CRITICS of the US Synthetic Fuels Corporation must be having a hard time keeping themselves from chuckling these days. Here, after all, is the multibillion dollar synthetic fuels program once again caught up in controversy at the same time the US finds itself concerned about a disruption of oil through the Strait of Hormuz because of the Iran-Iraq war.
What's happening now is ironically reminiscent of the way the synfuels program began - back in 1979 and 1980. In 1979 the US and other industrial nations faced the second major oil price hike and supply disruption in that decade, following the earlier sharp price increases in 1973. The synfuels program was part of the Carter administration's effort to reduce US dependency on imported oil. The effort encompassed conservation, federally mandated fuel efficiency standards for cars, and development of the US Strategic Oil Reserve.
The quasi-governmental synfuels corporation was designed to encourage the building of plants that could convert coal, oil shale, and tar sands into liquid fuels.
Given current concerns about world oil deliveries - as well as the continuing controversy surrounding the synfuels program itself - this seems a good moment for Americans to reaffirm some of the fundamental lessons learned from the late 1970s: namely, that conservation efforts are vital; and that the US should press on as quickly as possible with the Strategic Oil Reserve.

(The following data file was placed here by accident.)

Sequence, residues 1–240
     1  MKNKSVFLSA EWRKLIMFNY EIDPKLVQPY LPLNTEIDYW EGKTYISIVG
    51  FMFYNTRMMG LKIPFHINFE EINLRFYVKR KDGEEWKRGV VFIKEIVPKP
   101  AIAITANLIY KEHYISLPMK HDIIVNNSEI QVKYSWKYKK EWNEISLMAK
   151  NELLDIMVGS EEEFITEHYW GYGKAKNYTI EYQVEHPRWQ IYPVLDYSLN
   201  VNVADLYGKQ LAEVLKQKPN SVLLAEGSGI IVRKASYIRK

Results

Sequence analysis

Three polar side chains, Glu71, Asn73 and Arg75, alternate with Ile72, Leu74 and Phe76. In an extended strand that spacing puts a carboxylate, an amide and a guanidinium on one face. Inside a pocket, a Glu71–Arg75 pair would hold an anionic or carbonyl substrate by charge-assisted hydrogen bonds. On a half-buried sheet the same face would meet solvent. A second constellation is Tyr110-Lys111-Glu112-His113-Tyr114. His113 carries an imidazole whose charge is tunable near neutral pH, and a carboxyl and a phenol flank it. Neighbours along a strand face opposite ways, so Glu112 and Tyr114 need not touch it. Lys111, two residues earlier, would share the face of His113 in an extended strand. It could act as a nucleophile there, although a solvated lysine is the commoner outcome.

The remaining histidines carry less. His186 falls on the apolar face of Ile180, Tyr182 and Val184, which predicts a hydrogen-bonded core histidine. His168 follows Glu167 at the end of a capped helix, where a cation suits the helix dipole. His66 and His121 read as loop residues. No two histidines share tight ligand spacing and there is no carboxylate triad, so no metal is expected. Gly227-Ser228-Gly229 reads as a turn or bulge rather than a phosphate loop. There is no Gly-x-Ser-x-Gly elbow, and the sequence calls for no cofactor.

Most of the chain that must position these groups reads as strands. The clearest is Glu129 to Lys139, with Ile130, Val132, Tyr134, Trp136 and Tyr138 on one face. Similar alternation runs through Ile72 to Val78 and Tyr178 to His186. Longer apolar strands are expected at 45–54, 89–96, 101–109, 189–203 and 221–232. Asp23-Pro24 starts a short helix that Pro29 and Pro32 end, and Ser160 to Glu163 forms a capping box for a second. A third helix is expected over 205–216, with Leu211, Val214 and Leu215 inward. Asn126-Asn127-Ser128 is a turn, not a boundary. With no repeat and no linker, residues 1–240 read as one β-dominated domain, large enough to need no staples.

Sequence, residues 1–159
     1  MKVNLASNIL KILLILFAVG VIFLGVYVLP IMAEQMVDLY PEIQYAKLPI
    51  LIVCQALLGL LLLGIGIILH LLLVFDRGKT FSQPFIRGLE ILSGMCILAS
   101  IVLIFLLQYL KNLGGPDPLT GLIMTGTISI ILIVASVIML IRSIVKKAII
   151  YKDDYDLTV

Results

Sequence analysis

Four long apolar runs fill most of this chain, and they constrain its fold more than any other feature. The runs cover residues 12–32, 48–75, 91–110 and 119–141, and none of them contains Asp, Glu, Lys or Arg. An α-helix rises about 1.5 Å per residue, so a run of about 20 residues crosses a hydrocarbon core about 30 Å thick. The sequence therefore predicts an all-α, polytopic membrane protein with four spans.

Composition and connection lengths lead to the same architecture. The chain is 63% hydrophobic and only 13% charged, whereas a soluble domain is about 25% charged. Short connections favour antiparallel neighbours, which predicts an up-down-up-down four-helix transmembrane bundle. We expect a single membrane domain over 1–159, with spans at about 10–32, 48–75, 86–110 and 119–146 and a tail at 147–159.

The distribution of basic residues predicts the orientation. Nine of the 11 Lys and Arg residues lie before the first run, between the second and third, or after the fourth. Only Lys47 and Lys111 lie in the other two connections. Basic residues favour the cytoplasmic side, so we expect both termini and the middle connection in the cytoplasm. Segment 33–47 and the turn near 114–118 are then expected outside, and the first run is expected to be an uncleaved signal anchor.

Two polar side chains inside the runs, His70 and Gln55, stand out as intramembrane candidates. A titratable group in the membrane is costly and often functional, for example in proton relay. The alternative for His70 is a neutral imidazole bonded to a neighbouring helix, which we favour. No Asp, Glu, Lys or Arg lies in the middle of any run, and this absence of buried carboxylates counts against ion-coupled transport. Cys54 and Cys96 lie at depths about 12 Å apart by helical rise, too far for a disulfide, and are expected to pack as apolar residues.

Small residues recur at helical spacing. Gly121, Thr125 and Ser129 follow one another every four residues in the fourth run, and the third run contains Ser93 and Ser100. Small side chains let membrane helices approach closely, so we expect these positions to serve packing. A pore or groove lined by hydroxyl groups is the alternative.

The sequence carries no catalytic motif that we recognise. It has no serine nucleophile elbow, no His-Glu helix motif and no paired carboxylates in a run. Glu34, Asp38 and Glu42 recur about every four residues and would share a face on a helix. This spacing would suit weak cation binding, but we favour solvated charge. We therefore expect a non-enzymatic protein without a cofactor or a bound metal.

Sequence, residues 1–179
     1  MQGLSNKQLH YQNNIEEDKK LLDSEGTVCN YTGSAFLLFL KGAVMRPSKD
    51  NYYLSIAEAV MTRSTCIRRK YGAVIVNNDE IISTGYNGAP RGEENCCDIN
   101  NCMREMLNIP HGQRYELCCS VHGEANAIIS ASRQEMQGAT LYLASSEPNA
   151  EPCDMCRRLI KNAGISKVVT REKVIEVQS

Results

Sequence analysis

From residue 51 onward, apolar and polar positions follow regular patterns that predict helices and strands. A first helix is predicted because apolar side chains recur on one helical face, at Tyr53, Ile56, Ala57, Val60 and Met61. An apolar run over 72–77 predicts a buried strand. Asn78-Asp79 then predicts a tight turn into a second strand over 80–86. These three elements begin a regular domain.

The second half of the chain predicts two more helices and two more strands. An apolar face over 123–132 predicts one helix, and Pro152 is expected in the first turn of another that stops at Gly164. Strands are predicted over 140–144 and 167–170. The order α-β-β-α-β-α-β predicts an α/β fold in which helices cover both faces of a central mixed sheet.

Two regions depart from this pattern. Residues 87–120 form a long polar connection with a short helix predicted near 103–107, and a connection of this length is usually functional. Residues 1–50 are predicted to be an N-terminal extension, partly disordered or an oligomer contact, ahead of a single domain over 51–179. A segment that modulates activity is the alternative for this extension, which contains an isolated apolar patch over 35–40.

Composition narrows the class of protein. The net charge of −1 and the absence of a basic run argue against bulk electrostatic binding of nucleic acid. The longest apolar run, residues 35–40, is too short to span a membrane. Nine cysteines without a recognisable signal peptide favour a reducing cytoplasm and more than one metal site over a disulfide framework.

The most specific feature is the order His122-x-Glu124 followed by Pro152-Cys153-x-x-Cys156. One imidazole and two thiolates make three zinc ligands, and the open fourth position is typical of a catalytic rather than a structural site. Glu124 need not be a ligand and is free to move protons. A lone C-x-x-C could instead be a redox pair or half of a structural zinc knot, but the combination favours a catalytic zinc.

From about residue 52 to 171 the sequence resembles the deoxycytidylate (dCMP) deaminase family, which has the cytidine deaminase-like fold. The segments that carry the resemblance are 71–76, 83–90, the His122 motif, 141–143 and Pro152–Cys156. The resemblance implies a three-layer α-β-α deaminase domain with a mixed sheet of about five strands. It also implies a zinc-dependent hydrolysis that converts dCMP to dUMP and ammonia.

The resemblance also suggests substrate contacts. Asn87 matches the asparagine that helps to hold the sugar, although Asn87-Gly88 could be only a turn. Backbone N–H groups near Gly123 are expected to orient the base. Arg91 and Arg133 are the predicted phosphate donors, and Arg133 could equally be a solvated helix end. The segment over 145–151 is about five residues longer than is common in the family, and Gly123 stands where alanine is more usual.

There is another lesson that needs to be identified. The synfuels program, as currently structured, is not meeting its promise. That recognition comes not just from the Reagan administration but also from environmentalists and from a number of liberals. Democratic Sen. William Proxmire of Wisconsin, never diffident about calling the shots as he sees them, has dubbed the synfuels corporation ''a financial Frankenstein.''
This week another top official of the corporation resigned amid conflict-of-interest charges. With the latest resignation, five of the seven seats on the corporation's board of directors are vacant. The administration is urging Congress to slash funding for the corporation before the White House sends up a full slate of nominees for the board.
To date, synfuels projects have not worked economically. Thus, reducing federal outlays (to leave intact a few ongoing projects as well as continuing research) has merit. Meanwhile, Americans need to redouble their conservation efforts.
The big gains in energy savings in the late '70s and early '80s came chiefly from conservation. The superiority of energy efficiency over energy waste remains a guiding principle of a workable US energy policy.